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    Re: Why Do Some Doctors Charge You For Medical Letters

    If it is a private service he is offering (ie, outside his NHS contracted services) you are paying for the knowledge and expertise of the letter writer's signature - and he/she is taking responsibility for the content - even if they didn't draft it. The same is true for a solicitor's letter (for example) if you are outside the legal aid system.

    You are not paying for the physical letter - you are paying for the authoratitive content - based on the professional traing.

    An analagy would be buying a CD. The medium is worth a few pence - the rest of the cost is for the content (and distribution etc - but you get the point I'm sure!)
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    Re: Why Do Some Doctors Charge You For Medical Letters

    Quote Originally Posted by peterb View Post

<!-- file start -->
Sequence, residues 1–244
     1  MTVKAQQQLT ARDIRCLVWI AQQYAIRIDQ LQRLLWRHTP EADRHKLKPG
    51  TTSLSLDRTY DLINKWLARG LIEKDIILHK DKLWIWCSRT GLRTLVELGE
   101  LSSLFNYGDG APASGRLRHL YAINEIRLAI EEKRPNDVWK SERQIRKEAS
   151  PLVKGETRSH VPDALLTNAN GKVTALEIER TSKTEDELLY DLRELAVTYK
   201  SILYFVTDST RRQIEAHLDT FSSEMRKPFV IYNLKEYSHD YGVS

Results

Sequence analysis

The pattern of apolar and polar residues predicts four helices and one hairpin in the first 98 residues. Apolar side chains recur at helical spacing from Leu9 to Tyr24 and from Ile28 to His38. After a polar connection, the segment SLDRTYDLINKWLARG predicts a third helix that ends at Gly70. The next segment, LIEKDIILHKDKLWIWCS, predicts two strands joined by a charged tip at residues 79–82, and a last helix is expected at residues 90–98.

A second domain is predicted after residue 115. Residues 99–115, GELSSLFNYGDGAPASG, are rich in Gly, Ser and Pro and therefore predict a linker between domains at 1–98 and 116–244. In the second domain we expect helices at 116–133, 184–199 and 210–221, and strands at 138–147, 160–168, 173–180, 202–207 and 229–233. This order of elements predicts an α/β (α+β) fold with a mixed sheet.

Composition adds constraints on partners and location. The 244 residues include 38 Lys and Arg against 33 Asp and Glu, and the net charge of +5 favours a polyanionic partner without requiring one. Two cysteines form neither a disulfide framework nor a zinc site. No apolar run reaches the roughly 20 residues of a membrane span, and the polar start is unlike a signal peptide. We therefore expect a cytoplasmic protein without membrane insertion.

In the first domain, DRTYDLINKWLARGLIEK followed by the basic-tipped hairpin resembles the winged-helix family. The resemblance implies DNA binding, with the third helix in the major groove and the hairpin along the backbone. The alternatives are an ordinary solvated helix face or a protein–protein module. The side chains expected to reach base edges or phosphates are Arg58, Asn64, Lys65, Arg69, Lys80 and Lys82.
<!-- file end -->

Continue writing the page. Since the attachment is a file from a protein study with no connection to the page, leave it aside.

If it is a private service he is offering (ie, outside his NHS contracted services) you are paying for the knowledge and expertise of the letter writer's signature - and he/she is taking responsibility for the content - even if they didn't draft it. The same is true for a solicitor's letter (for example) if you are outside the legal aid system.

    You are not paying for the physical letter - you are paying for the authoratitive content - based on the professional traing.

    An analagy would be buying a CD. The medium is worth a few pence - the rest of the cost is for the content (and distribution etc - but you get the point I'm sure!)
    Exactly.
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    Re: Why Do Some Doctors Charge You For Medical Letters

    Interesting. I would've thought that it would be within the NHS's 'jurisdiction' to issue sick notes on the taxpayer (which shouldn't be expensive in the first place) if it is of the public's interest. Better that than letting the guy spray germs everywhere at lectures/work.

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    Re: Why Do Some Doctors Charge You For Medical Letters

    Quote Originally Posted by TooNice View Post
    Interesting. I would've thought that it would be within the NHS's 'jurisdiction' to issue sick notes on the taxpayer (which shouldn't be expensive in the first place) if it is of the public's interest. Better that than letting the guy spray germs everywhere at lectures/work.